Virtual Nelsonville Music Festival Interviews: Caitlin Kraus

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Early on in the COVID-19 crisis, the 2020 Nelsonville Music Festival announced its cancellation due to the infectious disease outbreak. In its place, Ohio University School of Media Arts & Studies Director Josh Antonuccio and Nelsonville Music Festival Executive Director Tim Peacock created the Virtual Nelsonville Music Festival, an online presentation of the popular festival, which is being produced by Stuart’s Opera House, WOUB Public Media, the Scripps College of Communication and the Ohio University School of Media Arts and Studies, in partnership with OU Performing Arts, the Ohio University Center for Entrepreneurship, and the Haden DeRoberts Foundation. Under the direction of Antonuccio, Ohio University students and recent graduates are on location around the region with school faculty Andie Walla and Brian Plow filming performances for the virtual fundraiser supporting Stuart’s Opera House. WOUB producers Adam Rich and Evan Shaw are providing post-production on the project, which will go live on Stuart’s official YouTube page August 21-22.

In addition to gaining critical audio and video production experience, students and recent graduates are also learning the ins and outs of music journalism, promotions, and publicity: interviewing performers and creating a myriad of content related to their unique experience. This interview was conducted by VNMF Publicity/Promotion team Lauren McCain, Weiler Harmon, and Madyson Lewellyn and was produced by WOUB’s Arts and Culture producer Emily Votaw. 

Caitlin Kraus. (Photo by Jared Bullis)

The repercussions of the COVID-19 pandemic have proved a heavy burden upon a majority of people’s everyday lives, future plans and career paths. For singer-songwriter Caitlin Kraus, things ended up on a more productive note.

The indie folk artist is a Columbus native who started her music career at the age of 12 after being inspired by The Beatles, Karen Dalton and Neil Young. Kraus went on to further her education at Ohio University to study music therapy in 2006, while also sharing her own music at local places such as Donkey Coffee and Little Fish Brewery. Once graduated, she moved her life out to Texas where her two life passions began to intersect again after she found a job as a Board Certified Music Therapist, while she was also beginning to gain more confidence and exposure as an artist after performing her songs more often.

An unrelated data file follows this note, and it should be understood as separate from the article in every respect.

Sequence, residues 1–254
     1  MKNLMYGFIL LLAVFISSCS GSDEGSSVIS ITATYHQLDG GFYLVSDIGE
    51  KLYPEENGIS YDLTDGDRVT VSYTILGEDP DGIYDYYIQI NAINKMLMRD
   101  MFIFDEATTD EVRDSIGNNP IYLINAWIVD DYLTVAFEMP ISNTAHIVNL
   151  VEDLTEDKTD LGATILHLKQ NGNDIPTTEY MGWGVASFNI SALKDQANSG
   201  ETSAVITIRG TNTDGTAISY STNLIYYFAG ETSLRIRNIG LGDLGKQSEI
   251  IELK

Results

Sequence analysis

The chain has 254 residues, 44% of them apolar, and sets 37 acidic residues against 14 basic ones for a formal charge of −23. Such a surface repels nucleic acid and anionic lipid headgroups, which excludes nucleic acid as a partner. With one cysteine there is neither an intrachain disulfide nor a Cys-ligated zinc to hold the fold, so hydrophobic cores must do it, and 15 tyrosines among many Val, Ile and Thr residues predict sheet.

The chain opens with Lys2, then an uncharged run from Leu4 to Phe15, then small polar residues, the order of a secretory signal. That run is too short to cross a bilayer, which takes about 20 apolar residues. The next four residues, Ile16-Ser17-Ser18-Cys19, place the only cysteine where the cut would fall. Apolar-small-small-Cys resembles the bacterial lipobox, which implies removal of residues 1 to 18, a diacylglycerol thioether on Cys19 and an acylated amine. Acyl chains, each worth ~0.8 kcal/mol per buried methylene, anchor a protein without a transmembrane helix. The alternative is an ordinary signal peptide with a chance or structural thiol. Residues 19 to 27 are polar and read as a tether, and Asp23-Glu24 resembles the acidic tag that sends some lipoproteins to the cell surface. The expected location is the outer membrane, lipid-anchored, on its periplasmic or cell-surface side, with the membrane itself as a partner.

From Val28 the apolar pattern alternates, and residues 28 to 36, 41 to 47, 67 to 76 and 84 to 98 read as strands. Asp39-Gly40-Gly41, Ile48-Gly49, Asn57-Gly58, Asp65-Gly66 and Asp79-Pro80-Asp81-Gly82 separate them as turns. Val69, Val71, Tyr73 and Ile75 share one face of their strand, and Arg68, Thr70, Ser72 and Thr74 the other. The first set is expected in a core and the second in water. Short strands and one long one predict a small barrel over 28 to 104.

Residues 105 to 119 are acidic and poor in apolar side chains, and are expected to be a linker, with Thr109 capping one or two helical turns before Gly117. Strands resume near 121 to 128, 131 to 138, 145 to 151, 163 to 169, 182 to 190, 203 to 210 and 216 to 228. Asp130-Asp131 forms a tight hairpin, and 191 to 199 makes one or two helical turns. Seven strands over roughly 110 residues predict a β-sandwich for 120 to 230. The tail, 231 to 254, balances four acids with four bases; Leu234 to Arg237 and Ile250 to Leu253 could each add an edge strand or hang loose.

“It took me a while to feel confident enough to share them. Athens is where I became comfortable,” Kraus said as she detailed the experiences that went into growing her sound as an artist.

Her attitudes at the time are chronicled in “Dead Man,” a song she wrote after moving to Austin as she was grieving the loss of a community she was just beginning to immerse herself in. Five years later, Kraus went back to her roots and moved her life back to Athens to begin a master’s degree in Music Therapy and counseling. The singer decided to resurrect the song once again years later — describing it as a “full circle” moment as the lyrics began to be felt from a transformative perspective.

Currently, Kraus is working full-time as a counselor in Athens at a local agency. Quarantine has allowed more energy and time in her schedule to be focused on her music. She has pushed herself to focus her energy in a positive way by attending weekly virtual singer-songwriter circles that inspire her to continue writing her own lyrics and music. The artist will also be releasing a full length album alongside the release of the Virtual Nelsonville Music Festival. The upcoming project will feature a mashup of new and old songs that are embellished with introspective themes. Kraus credits the album’s completion to the unique musical process she was able to find and implement during the pandemic conditions.